In time for the autumn foliage season, the Hubble Space Telescope, a joint project by NASA and ESA, offers a captivating glimpse of a crimson scene. The photograph unveils a segment of the Westerhout 5 nebula, positioned some 7,000 light-years away from Earth. In this radiant image, we encounter a fascinating element: a solitary Evaporating Gaseous Globule with a tadpole-like appearance, affectionately referred to as a frEGG.
The frEGG, prominently featured in the upper center-left portion, goes by two distinct names – [KAG2008] globule 13 and J025838.6+604259. These frEGGs are a specific category of Evaporating Gaseous Globules (EGGs). Both frEGGs and EGGs represent denser pockets of gas that are less susceptible to photoevaporation compared to the surrounding, less dense gas. Photoevaporation occurs when intense sources of radiation, typically young and hot stars emitting copious amounts of ultraviolet (UV) light, ionize and disperse gas.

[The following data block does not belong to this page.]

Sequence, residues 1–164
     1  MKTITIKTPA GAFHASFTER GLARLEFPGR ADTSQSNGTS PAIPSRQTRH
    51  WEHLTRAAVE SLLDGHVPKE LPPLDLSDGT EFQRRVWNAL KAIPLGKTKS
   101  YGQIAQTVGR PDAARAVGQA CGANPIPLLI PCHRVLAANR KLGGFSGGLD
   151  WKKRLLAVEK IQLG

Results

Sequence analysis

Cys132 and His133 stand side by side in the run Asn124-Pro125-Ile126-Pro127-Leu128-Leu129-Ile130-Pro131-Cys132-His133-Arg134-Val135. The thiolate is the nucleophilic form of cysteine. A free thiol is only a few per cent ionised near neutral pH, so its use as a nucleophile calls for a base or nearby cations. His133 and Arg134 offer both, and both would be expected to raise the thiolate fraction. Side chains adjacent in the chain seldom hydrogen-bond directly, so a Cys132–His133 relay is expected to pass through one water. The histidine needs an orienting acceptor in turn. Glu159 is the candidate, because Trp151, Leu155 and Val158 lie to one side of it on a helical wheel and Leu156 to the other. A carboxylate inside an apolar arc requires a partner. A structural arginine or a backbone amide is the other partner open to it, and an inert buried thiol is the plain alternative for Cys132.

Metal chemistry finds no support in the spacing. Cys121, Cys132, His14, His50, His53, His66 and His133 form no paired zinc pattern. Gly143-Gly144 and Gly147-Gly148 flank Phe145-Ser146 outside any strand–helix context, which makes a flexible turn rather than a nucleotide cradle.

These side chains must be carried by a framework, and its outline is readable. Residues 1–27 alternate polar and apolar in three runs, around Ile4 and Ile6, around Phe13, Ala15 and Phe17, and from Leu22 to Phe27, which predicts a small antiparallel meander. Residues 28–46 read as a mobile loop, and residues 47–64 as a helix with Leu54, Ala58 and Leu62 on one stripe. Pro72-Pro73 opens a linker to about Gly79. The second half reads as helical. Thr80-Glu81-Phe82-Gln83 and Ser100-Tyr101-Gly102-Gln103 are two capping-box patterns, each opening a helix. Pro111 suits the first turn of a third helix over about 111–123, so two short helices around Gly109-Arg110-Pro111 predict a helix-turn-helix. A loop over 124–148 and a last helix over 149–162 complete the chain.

EGGs were only recently identified, notably at the tips of the iconic Pillars of Creation, as captured by Hubble in 1995. FrEGGs, on the other hand, were classified even more recently and are set apart by their detached, ‘head-tail’ shape. These intriguing frEGGs and EGGs draw significant interest because of their density, which shields the gas within from ionization and photoevaporation caused by intense UV radiation present in regions rich with young stars. Astronomers believe this protection is crucial for the formation of protostars, and many FrEGGs and EGGs may serve as nurseries for new stars.
The frEGG within this image emerges as a dark contrast within a sea of red light. The crimson hue arises from a specific type of light emission known as H-alpha emission. H-alpha occurs when a highly energetic electron within a hydrogen atom sheds a precise amount of its energy, resulting in the emission of this distinct red light as it transitions to a lower energy state.